“I think he kind of followed my lead in a way. I think he ended up at home, and he had a little bit of scruff going. It's just fun,” Fowler said. “We mess around with it. Obviously, not taking it too seriously. But like I said, ended up playing halfway decent last week, so I couldn't really shave it off going into this week.”

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    Spieth (67) rebounds from tough Round 1 finish

    By Ryan LavnerJuly 20, 2018, 7:55 pm

    CARNOUSTIE, Scotland – Guess whose putter is starting to heat up again at a major?

    Even with a few wayward shots Friday at Carnoustie, Jordan Spieth made a significant climb up the leaderboard in the second round, firing a 4-under 67 to move just three shots off the lead.

    Spieth showed his trademark grit in bouncing back from a rough finish Thursday, when he mis-clubbed on the 15th hole, leading to a double bogey, and ended up playing the last four holes in 4 over.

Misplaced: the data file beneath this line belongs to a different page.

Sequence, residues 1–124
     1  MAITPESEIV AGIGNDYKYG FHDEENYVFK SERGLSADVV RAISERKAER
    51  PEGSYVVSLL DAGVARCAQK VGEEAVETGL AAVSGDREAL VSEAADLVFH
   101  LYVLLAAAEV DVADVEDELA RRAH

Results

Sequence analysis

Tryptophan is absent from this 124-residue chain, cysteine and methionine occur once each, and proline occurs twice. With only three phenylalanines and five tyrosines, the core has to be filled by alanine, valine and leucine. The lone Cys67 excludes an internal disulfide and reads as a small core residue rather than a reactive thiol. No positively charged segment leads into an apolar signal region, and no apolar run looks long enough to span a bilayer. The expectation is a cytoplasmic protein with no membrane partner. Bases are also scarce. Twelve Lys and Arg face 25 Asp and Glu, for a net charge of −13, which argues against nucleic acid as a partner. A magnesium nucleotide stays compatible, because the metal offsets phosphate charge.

“I don’t know if I actually regrouped,” he said. “It more kind of fires me up a little.”


    Full-field scores from the 147th Open Championship

    Full coverage of the 147th Open Championship


    Spieth missed more than half of his fairways in the second round, but he was able to play his approach shots from the proper side of the hole. Sure, he “stole a few,” particularly with unlikely birdies on Nos. 10 and 11 after errant drives, but he took advantage and put himself in position to defend his claret jug.

    Spieth needed only 25 putts in the second round, and he credited a post-round adjustment Thursday for the improvement. The tweak allows his arms to do more of the work in his stroke, and he said he felt more confident on the greens.

    “It’s come a long way in the last few months, no doubt,” he said.

    More than anything, Spieth was relieved not to have to play “cut-line golf” on Friday, like he’s done each start since his spirited run at the Masters.

    “I know that my swing isn’t exactly where I want it to be; it’s nowhere near where it was at Birkdale,” he said. “But the short game is on point, and the swing is working in the right direction to get the confidence back.”